Colorado and Washington becoming the first states to legalize the recreational use of marijuana prompted speculation Wednesday about Amsterdam-style "drug tourism" and a new round of jokes about Colorado's official state song, Rocky Mountain High.
The Colorado measure limits cultivation to six marijuana plants per person, but "grow-your-own" pot would still be banned in Washington. Both states prohibit public use, and Washington includes a strict "drugged driving" provision for marijuana impairment.
Tuesday's votes are "groundbreaking," said Beau Kilmer, co-director of the Rand Drug Policy Research Center. But since no modern jurisdiction has lifted prohibitions on production, possession and distribution of cannabis for recreational use, he says, "There are two big issues: Do the states want a marijuana tourism industry, and if so would the federal government allow it?"
Richard Scharf, CEO of tourism organization Visit Denver, worries that an influx of pot-seeking tourists could tarnish the city's and state's images. In 2005, Denver became the first major city in the USA to legalize adult marijuana possession of less than 1 ounce.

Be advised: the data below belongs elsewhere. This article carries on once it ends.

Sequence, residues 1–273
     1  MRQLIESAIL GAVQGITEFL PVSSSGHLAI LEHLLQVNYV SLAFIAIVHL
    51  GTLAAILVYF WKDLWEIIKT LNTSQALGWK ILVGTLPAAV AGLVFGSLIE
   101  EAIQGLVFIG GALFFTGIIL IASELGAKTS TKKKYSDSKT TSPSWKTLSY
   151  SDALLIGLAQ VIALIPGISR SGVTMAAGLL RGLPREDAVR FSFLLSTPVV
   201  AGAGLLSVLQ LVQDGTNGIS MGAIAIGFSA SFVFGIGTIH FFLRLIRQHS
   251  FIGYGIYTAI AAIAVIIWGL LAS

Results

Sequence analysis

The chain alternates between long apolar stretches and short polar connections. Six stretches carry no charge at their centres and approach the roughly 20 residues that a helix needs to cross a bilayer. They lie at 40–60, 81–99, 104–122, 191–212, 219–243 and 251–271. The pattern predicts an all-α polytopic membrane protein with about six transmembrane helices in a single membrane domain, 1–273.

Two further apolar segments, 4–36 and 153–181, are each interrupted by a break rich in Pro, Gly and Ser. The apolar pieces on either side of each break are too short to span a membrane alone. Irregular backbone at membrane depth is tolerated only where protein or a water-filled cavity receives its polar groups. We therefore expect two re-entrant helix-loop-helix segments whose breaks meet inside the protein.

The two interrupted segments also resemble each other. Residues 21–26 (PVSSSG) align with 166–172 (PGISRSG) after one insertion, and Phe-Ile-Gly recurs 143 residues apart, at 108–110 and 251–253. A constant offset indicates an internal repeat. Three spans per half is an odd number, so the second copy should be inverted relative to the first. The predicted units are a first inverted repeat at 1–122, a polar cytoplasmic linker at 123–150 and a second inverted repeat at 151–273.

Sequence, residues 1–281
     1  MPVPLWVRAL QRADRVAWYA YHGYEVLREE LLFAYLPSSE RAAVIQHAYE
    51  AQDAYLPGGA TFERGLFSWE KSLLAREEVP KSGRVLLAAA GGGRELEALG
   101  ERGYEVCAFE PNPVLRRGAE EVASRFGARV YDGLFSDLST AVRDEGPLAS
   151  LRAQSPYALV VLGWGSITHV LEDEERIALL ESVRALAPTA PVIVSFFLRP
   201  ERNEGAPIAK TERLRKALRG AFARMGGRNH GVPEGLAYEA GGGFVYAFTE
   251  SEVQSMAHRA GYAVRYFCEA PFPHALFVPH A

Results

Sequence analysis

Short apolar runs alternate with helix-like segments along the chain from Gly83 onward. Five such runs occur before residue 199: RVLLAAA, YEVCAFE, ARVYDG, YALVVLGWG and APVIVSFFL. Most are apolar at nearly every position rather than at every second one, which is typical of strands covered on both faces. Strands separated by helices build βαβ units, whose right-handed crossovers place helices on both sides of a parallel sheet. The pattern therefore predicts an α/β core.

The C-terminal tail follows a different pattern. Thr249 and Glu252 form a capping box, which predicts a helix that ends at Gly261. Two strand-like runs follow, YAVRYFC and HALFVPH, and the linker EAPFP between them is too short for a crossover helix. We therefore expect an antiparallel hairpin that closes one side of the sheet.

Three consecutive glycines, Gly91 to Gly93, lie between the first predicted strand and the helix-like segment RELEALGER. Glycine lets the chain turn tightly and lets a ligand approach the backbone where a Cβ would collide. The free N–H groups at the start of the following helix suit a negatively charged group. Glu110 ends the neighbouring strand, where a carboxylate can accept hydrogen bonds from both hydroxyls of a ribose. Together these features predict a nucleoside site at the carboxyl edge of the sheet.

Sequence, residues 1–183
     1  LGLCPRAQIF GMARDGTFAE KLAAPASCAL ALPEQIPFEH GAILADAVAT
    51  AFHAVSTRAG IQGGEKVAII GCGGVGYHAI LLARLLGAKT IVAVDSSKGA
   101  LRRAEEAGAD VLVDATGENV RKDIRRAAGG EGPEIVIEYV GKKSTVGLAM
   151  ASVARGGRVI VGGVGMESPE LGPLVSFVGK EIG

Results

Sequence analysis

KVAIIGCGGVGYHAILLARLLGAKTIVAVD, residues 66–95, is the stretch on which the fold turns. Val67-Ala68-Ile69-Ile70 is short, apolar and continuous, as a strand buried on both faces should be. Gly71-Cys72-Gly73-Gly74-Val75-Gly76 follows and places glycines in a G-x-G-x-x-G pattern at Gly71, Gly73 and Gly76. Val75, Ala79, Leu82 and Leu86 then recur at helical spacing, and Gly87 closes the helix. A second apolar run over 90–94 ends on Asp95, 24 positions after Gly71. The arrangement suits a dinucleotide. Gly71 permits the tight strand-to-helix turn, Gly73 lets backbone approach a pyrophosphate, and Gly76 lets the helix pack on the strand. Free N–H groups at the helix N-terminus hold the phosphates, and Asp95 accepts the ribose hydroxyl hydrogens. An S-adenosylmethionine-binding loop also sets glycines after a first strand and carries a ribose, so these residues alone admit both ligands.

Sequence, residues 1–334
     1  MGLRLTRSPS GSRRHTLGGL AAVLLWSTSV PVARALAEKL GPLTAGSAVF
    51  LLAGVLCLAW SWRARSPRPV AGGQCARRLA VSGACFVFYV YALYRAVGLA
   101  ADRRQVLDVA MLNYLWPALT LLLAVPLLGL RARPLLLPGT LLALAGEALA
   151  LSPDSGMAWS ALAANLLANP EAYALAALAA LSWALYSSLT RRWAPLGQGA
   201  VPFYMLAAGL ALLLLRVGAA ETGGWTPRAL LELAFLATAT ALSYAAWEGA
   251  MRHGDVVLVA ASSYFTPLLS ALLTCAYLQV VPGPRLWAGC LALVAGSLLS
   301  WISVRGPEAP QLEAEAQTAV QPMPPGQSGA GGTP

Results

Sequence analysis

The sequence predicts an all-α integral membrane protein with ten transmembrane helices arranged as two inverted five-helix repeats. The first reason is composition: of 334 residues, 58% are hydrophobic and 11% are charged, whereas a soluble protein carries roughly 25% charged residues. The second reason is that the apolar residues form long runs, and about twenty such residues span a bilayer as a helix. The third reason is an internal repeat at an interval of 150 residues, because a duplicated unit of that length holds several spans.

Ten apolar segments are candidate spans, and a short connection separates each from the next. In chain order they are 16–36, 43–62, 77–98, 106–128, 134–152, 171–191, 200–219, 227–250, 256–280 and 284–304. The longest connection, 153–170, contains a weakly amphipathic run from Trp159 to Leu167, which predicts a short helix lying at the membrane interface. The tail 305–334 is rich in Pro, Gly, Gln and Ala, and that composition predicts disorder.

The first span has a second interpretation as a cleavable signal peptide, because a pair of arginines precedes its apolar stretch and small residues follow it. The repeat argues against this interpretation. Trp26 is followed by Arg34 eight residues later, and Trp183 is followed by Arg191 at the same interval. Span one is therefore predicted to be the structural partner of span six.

"Tourism is the second-largest industry in both Denver and Colorado. If Colorado receives international media attention as the first state in the U.S. to legalize marijuana in their constitution, Colorado's brand will be damaged and we may attract fewer conventions and see a decline in leisure travel," Scharf said before the election.
Jennifer Rudolph of Colorado Ski Country, a marketing organization that represents 21 ski resorts, said, "We're holding our breath, so to speak. People choose to come to Colorado for a variety of reasons, and if this is one of them, so be it," she said.
European travel guru Rick Steves, a resident of Edmonds, Wash., and vocal supporter of that state's successful initiative, said he's "honestly not looking at the tourism aspect. For the immediate future, I don't even see (marijuana) use going up."
In the Netherlands, where the incoming government has abandoned plans for a national, residents-only "weed pass" that would have effectively kept foreign tourists out of Amsterdam's famous marijuana cafes, "per capita cannabis use is about on par with the U.S., and use among young people is actually lower," Steves said. "It's a big deal for some American tourists, but Dutch people couldn't care less."
"You can't go out in public (in Washington state) with a cocktail or beer," he added, "and this won't be any different."
Meanwhile, Luis Videgaray, the main adviser to Mexico President-elect Enrique Pena Nieto, said the votes legalizing recreational marijuana in Washington and Colorado will complicate Mexico's commitment to quashing pot growing and smuggling.
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